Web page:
93-year-old Veteran Takes His Chance To Fly In A Cessna L-19 “Bird Dog” Once Again

A U.S. Army L-19 (O-1) with a fuel tanker, circa 1967. <a href=Photo Credit." title="A U.S. Army L-19 (O-1) with a fuel tanker, circa 1967. Photo Credit." width="800" height="419" />
A U.S. Army L-19 (O-1) with a fuel tanker, circa 1967. Photo Credit.

93-year-old Preston Hyde is still pretty spry. He can take stairs with ease and continues to drive a car.”I never drank or smoked, and I walk on the treadmill 30 minutes a day,” said Hyde. “My driver’s license is good until I’m 98!”

During World War II, Hyde flew as a spotter over Germany during his service with the Ninth Air Force. He recently got the chance to fly in a Cessna L-19 “Bird Dog” liaison aircraft much like the one he flew back then.

Instrument panel of an O-1. Photo Credit.
Control panel of a Cessna O-1E/L-19 Bird Dog. Photo Credit.

Hyde has many stories about his time during the war. “I got up to the end of the runway 300 feet in the air, and the engine quit,” he recalled. “You have about three seconds to make a decision – a life or death decision. I reached down and hit the fuel tank.” Hyde said that decision saved his life.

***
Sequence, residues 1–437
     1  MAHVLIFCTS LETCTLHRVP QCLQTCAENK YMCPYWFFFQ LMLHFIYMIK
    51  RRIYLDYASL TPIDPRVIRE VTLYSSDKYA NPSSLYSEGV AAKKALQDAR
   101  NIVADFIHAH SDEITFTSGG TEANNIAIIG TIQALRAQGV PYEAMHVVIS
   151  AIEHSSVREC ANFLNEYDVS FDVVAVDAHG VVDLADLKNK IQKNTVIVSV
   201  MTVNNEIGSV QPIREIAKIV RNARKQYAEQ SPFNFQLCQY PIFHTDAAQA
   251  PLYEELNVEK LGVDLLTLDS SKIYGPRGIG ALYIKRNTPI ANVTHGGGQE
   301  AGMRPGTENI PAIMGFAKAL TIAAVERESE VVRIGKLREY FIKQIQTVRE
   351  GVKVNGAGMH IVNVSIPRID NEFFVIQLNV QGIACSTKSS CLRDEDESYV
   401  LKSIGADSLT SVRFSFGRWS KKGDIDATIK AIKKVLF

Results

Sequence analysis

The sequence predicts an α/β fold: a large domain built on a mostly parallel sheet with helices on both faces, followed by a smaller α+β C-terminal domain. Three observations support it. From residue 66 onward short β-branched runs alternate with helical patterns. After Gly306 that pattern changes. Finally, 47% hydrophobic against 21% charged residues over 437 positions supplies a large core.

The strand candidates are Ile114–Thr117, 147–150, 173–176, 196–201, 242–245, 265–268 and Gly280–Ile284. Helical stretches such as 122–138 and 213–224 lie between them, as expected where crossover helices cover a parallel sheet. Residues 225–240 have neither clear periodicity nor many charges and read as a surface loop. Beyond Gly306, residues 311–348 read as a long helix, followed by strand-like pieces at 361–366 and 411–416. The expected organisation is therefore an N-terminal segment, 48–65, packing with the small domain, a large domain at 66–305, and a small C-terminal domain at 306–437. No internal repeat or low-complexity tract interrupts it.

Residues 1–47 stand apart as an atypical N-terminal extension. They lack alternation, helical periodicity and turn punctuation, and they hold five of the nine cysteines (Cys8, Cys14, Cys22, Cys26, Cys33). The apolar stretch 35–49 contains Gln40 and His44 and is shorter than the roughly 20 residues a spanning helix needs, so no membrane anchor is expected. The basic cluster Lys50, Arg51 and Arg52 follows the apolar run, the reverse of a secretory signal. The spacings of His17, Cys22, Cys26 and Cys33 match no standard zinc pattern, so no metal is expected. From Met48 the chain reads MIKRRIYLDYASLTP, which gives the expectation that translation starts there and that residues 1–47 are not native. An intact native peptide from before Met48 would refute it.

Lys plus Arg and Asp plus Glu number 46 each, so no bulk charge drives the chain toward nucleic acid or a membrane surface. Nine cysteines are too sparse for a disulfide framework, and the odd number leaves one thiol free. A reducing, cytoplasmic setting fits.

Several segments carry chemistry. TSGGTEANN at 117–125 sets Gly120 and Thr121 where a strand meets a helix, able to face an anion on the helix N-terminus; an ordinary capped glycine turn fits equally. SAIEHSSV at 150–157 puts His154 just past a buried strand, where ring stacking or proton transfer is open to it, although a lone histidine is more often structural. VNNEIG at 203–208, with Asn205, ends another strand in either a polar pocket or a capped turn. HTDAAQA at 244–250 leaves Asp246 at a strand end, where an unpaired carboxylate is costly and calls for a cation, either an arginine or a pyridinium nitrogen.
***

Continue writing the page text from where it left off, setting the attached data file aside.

Another time, he flew over a runway with no radio in his plane. “I’m looking down from the plane I’m flying,” Hyde recalled. “Here’s six B-29 bombers. Engines all running ready to take off and I just flew in there with no radio and froze everything. I stopped the war right then,” he joked.

Jim Ostrich met Hyde at a local event. Ostrich is the owner of Benton Air Center, and he happens to own a Cessna almost identical to the one Hyde flew in the war. Ostrich offered Hyde a ride. “I’m a Navy veteran myself,” said Ostrich. “I’m going to give him, hopefully, a nice thrill ride.”

Hyde said the flight brought back memories of flying over Europe 70 years ago.

Ian Harvey

Ian Harvey is one of the authors writing for WAR HISTORY ONLINE